The last of these was “Arshile Gorky”, a ballet Mehrabyan created earlier this year in memory of the Armenian genocide one-hundred years ago. Years ago he had already choreographed a small pas de deux which is now at the heart of the full piece which lasts around fifty minutes. In addition to the dancers of “Forceful Feelings” Mehrabyan recruited dancers from the Bavarian State Ballet, the Ballet du Grand Théȃtre de Gèneve, the Armenian National Ballet and his father’s company to complement the ensemble. Otto Bubeníček was commissioned with the stage design and the costumes. Mehrabyan himself danced the leading character. “Arshile Gorky” was performed twice in Yerevan, paired in a double bill with a folk dance piece by his father’s troupe. Mehrabyan plans to tour it in combination with one of his other own works.
Gorky (1904 – 1948) was an Armenian painter, who fled from the genocide in 1915 together with his mother and three sisters. They sought refuge in Yerevan where Gorky’s mother died of starvation a few years later. Young Gorky emigrated to the United States, where he had a remarkable international career. His drawings and paintings hang in every major museum. Mehrabyan has always been interested in Gorky, but I’m not sure he noticed some parallels between his and Gorky’s biography. Both had to leave the country at a young age, albeit for totally different reasons. Both became noteworthy artists. Both have inspired future generations. In a report about a retrospective for Gorky in the Tate Modern in 2010 Richard Dorment wrote in the Daily Telegraph “He lit the way for two generations of American artists.” Isn’t Mehrabyan doing exactly the same for Armenian dancers?
As a former finalist Mehrabyan was invited to dance at this year’s gala of the Prix de Lausanne. There he showed a short version of “Serenity”, choreographed in 2011, with dancers from “Forceful Feelings”. The piece’s music includes playing the duduk, an ancient Armenian flute made of apricot wood. The staff of the Royal Ballet School liked the powerful choreography and invited Mehrabyan to teach it to their students for their annual school performance. In contrast to their Armenian colleagues it seems natural for the Londoners to take action.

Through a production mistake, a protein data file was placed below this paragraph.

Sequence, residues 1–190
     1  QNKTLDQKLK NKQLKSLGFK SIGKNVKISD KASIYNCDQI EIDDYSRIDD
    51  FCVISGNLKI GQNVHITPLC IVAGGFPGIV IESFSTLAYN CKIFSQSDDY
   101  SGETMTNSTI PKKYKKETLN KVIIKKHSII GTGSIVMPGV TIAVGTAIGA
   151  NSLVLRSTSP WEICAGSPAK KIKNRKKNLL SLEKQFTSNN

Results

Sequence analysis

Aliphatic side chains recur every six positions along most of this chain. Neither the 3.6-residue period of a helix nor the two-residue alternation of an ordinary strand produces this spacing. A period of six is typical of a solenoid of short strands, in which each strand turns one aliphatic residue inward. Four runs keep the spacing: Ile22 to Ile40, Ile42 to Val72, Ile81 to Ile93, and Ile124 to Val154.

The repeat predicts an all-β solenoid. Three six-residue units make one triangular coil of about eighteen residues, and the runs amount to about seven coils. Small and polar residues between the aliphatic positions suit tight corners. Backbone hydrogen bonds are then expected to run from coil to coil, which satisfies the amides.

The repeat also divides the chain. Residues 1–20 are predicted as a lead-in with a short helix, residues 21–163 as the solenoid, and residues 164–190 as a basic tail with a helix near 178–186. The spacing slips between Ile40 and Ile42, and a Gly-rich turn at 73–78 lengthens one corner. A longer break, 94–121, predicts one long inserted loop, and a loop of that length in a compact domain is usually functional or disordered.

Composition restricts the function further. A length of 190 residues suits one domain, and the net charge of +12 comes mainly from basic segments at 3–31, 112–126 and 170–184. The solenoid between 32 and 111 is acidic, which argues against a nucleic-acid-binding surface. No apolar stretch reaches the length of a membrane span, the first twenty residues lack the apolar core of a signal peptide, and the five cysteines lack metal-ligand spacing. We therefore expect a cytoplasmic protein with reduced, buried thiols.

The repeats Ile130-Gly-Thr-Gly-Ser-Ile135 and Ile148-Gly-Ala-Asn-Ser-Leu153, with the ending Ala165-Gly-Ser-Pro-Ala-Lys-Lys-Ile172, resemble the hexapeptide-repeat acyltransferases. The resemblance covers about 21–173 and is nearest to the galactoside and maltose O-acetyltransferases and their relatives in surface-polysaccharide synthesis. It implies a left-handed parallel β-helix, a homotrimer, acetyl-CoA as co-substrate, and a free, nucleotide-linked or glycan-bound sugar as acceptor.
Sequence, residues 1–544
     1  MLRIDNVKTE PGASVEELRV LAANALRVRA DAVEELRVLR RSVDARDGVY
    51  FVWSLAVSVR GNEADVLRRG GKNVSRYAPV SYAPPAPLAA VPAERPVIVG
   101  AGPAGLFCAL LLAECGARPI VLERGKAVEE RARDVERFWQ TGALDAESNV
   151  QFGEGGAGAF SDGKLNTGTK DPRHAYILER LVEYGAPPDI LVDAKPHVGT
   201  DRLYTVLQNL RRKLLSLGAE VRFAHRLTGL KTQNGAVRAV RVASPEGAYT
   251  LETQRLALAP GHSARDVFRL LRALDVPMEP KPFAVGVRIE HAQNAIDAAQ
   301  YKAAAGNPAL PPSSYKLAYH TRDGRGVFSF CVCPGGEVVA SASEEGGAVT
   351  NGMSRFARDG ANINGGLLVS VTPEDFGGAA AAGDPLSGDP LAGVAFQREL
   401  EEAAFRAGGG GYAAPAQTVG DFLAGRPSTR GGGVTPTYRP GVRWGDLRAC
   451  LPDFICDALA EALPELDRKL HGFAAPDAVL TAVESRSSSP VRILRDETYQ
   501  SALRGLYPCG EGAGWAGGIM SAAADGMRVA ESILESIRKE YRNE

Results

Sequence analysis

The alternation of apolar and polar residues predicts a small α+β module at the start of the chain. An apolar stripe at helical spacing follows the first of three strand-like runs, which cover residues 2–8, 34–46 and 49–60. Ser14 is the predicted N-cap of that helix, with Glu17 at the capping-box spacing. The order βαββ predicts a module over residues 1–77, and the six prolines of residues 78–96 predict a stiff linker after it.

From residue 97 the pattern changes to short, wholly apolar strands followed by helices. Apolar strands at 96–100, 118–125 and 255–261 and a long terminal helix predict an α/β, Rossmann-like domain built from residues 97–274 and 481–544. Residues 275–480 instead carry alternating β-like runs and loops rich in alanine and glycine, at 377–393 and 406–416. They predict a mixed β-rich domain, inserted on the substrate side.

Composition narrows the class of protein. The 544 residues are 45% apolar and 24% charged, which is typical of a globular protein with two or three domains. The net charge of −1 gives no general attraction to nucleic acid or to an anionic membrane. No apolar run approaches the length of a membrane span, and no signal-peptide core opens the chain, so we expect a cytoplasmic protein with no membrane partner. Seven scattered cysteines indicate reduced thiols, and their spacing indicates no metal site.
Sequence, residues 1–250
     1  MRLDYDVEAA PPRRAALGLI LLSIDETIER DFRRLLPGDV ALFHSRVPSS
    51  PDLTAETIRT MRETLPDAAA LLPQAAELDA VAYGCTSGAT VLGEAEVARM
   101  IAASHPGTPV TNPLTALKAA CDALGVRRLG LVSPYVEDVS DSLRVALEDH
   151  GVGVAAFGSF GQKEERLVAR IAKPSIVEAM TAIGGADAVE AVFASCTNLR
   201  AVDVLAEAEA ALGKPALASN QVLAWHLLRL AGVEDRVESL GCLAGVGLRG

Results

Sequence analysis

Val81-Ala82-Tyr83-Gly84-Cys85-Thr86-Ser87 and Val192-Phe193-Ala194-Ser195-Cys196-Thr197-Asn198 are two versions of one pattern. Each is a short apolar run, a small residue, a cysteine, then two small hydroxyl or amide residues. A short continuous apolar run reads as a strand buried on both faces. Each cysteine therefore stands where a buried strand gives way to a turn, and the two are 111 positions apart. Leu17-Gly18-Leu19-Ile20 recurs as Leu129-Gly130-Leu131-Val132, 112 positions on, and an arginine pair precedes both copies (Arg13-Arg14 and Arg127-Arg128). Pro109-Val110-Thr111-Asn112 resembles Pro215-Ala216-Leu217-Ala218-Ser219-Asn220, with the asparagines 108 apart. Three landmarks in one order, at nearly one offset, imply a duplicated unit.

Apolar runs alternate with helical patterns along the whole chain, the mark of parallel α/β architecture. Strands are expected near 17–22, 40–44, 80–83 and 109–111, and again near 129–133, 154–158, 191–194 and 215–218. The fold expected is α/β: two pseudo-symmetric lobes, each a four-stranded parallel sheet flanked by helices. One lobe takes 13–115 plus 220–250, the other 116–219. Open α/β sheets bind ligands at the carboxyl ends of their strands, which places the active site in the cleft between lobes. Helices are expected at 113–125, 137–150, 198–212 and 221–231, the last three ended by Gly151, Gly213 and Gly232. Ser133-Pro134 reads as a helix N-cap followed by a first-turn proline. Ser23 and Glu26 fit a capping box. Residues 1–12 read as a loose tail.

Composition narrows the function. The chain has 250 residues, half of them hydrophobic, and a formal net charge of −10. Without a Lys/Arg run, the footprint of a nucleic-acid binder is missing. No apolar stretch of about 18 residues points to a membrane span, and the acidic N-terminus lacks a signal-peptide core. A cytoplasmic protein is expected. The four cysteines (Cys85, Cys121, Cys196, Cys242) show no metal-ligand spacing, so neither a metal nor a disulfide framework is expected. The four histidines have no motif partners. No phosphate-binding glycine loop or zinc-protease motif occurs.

(The interview has been edited for clarity.)
|Arsen Mehrabyan’s Homepage
|Homepage of Forceful Feelings
|Arsen Mehrabyan © Carl Thorborg, Royal Swedish Opera 2015
|Arsen Mehrabyan and Duosi Zhu, “Toccata” by Jiří Bubeníček, Les Ballets Bubeníček © Martin Divíšek 2015
|Claudio Cangialosi, Iana Salenko and Arsen Mehrabyan, “Toccata” by Jiří Bubeníček, Les Ballets Bubeníček © Martin Divíšek 2015
|Jaqueline Báby (Ada McGrath) and Arsen Mehrabyan (George Baines), “The Piano” by Jiří Bubeníček, Les Ballets Bubeníček © Silvano Ballone 2015
|Sarah-Jane Medley, Marianna Barabas, Arsen Mehrabyan (Basil), Yolanda Correa (Kitri) and ensemble, “Don Quixote” by Rudolf Nureyev, Royal Swedish Ballet © Hans Nilsson 2015
|Arsen Mehrabyan and Sarah-Jane Brodbeck, “Unreachable Places” by Jiří Bubeníček, Forceful Feelings © Vahan Stepanyan 2015
|Arsen Mehrabyan, “Made on Earth” by Jiří Bubeníček, Forceful Feelings © Arsen Mehrabyan 2015
|Arsen Mehrabyan (Arshile Gorky) and ensemble, “Arshile Gorky” by Arsen Mehrabyan, Forceful Feelings © Yana Simon 2015
|Vahe Martirosyan, Tigran Mikayelyan and Arsen Mehrabyan (Arshile Gorky), “Arshile Gorky” by Arsen Mehrabyan, Forceful Feelings © Yana Simon 2015
|Arsen Mehrabyan (Arshile Gorky), “Arshile Gorky” by Arsen Mehrabyan, Forceful Feelings © Yana Simon 2015
|Arsen Mehrabyan (Arshile Gorky) and Angela Lee Rebelo, “Arshile Gorky” by Arsen Mehrabyan, Forceful Feelings © Yana Simon 2015
|Arman Grigoryan, Artur Babajanyan, Vahe Martirosyan, Tigran Mikayelyan and Arsen Mehrabyan, Forceful Feelings © Eke Miedaner 2015